By Alexandra Donnel | Reporter
Matt Snowden, a George W. Truett Theological Seminary graduate and the pastor of the historic First Baptist Church Waco, was invited to speak at Baylor Chapel on Monday.
Ryan Richardson, the associate chaplain and director of worship and chapel said Snowden came to Truett Theological Seminary in 2010 for the doctoral program after he finished his education. Snowden helps shape Waco with the word of God, Richardson said.
Snowden is from Meridian Mississippi and attended William Carey University, New Orleans Baptist Theological Seminary and Truett Seminary. Snowden’s first sermon was preached at a church in Mississippi when he was 15. He became the pastor of First Baptist Church Waco in 2010 at the age of 33 after completing his doctorate at Truett Seminary.
At Monday’s Chapel, Snowden preached on the importance of the image of substitutionary atonement.
“Substitutionary atonement says to us that Jesus died for us, in our place, the just for the unjust, to bring us to God,” Snowden said. “Substitutionary atonement says to us that it is God who justifies, it is God who rectifies, it is God who makes right.”
Snowden discussed ideas by a Swiss Reformed theologian, Karl Barth, who said that humanity’s reconciliation with God began with God putting himself in humanity’s place and humanity being put in God’s place. This was an act of sheer grace and an inconceivable miracle, according to Barth.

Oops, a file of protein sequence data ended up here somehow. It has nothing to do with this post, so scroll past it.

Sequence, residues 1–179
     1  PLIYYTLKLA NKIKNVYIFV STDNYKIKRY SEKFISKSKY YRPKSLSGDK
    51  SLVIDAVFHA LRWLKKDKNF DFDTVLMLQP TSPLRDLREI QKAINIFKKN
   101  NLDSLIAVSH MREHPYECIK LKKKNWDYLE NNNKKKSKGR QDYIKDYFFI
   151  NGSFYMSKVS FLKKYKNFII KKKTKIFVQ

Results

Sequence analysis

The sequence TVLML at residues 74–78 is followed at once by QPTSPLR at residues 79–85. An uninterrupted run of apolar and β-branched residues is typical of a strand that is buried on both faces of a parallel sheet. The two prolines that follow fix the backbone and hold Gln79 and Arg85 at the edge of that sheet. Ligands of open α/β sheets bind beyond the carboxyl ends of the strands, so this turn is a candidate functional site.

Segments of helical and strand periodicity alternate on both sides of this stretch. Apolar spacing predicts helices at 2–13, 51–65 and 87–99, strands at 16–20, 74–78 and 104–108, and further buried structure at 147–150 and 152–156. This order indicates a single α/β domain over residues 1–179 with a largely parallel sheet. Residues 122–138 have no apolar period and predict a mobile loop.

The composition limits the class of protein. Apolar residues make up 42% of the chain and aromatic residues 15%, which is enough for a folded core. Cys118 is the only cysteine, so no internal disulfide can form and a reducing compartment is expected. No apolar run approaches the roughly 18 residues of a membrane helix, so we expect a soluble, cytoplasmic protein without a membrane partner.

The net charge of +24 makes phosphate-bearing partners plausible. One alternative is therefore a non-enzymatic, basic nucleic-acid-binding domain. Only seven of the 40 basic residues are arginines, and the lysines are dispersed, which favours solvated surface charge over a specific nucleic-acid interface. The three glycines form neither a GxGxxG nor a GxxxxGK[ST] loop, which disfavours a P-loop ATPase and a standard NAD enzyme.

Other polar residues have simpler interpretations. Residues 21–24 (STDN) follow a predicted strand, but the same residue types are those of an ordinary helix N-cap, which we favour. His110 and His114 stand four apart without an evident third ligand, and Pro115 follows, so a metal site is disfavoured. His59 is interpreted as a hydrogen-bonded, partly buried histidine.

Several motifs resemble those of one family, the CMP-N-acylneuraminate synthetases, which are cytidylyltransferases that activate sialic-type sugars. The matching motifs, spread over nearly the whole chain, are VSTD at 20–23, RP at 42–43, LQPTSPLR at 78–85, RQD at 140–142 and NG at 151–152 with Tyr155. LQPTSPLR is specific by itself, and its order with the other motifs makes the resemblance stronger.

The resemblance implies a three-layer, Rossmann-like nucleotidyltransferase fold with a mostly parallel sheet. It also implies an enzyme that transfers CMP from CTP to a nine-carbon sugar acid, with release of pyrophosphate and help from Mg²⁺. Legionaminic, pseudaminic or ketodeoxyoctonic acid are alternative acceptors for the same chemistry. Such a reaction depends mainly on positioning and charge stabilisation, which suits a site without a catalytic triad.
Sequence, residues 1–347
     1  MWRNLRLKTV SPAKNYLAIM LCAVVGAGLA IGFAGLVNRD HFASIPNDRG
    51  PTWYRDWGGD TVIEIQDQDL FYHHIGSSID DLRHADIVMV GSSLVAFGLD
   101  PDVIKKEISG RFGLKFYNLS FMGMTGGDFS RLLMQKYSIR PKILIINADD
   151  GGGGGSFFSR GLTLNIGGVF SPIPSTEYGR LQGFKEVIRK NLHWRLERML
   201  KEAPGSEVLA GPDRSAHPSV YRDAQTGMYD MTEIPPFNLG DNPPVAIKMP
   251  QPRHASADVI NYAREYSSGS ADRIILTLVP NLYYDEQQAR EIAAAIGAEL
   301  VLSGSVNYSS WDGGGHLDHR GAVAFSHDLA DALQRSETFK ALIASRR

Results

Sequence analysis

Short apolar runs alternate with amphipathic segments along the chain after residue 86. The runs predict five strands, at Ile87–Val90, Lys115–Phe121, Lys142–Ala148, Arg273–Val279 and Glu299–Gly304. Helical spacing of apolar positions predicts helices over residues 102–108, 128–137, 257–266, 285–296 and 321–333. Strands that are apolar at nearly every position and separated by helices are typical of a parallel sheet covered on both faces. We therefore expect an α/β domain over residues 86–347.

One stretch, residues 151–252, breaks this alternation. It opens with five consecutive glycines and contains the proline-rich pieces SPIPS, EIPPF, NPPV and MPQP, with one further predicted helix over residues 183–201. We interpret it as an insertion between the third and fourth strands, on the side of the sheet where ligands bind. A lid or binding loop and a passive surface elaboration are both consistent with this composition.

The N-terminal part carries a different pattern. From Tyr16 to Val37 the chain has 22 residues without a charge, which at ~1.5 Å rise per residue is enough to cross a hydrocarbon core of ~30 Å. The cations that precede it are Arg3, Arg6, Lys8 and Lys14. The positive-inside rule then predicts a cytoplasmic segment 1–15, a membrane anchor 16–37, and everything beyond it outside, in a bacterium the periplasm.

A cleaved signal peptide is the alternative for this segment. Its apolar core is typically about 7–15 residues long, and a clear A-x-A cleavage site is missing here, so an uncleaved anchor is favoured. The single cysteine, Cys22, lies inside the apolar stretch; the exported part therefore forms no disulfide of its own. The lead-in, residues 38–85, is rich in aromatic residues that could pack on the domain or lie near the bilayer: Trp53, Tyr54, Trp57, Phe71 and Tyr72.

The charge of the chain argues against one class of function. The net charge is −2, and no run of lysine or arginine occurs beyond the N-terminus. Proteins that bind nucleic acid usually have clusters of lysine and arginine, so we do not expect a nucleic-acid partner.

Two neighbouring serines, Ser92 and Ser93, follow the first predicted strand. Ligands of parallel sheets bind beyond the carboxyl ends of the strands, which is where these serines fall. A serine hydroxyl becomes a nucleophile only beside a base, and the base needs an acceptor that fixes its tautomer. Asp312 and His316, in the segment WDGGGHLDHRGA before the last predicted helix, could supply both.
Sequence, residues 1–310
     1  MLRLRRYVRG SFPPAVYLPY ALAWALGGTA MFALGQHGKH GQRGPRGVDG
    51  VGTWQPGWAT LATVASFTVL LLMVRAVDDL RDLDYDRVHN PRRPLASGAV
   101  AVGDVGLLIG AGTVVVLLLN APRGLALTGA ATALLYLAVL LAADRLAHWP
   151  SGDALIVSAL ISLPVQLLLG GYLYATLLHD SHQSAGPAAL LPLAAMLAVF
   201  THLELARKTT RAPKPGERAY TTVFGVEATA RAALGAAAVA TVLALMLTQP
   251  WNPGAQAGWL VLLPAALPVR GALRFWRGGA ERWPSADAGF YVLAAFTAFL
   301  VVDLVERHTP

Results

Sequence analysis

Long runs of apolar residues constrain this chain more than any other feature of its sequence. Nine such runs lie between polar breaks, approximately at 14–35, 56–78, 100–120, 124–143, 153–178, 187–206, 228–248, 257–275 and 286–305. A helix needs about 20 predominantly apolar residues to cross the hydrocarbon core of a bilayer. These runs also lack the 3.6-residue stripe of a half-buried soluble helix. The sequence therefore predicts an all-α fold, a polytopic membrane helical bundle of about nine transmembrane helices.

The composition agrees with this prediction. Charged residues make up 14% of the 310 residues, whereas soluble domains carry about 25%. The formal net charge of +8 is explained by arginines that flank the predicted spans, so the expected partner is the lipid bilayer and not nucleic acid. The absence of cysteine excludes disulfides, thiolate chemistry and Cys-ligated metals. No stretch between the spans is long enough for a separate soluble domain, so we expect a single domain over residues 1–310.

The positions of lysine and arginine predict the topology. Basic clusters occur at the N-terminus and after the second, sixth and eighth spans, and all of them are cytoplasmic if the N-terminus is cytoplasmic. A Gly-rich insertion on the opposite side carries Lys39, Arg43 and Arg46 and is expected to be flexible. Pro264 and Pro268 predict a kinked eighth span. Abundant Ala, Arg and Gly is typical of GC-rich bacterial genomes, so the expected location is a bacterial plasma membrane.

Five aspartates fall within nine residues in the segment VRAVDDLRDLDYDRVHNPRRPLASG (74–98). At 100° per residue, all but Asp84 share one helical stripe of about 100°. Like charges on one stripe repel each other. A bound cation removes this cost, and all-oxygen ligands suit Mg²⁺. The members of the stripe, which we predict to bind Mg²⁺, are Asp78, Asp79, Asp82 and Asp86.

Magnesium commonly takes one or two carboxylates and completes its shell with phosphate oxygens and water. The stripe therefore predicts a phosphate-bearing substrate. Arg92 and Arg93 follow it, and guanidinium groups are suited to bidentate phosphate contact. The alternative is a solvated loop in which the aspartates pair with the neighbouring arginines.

Snowden believes there are two reasons that humankind needs substitutionary atonement.
“One, there is no justice without a just judge. Without a just judge, our overtures towards justice are saccharine and sentimental and emotive at best. At worst they disintegrate into totalitarianism, cannibalism, the desire for the strong man to lead us, but we fail at leading ourselves,” Snowden said.
Because of the reasons he listed, Snowden said there needs to be a holy, loving, and just judge: God.
“Another reason we need substitutionary atonement so much is because we are ever willing to play the judge on our own. We are willing to judge others harshly, and we are willing to self-justify, we are willing to cut ourselves enormous amount of slack even as we brutalize others,” Snowden said.
Snowden said substitutionary atonement changes our lives and actions. He said the way we treat others and our motivation to help others comes from the grace of God. God’s salvation changes the identity of Christians by their union to Jesus who Snowden said is our forgiver and liberator who set us free from the captivity of sin.
Austin freshman and pre-business major Beau Watson said Monday’s Chapel was engaging in both the worship and the speaker.
“Matt Snowden did a great job with message delivery during his lesson,” Beau said.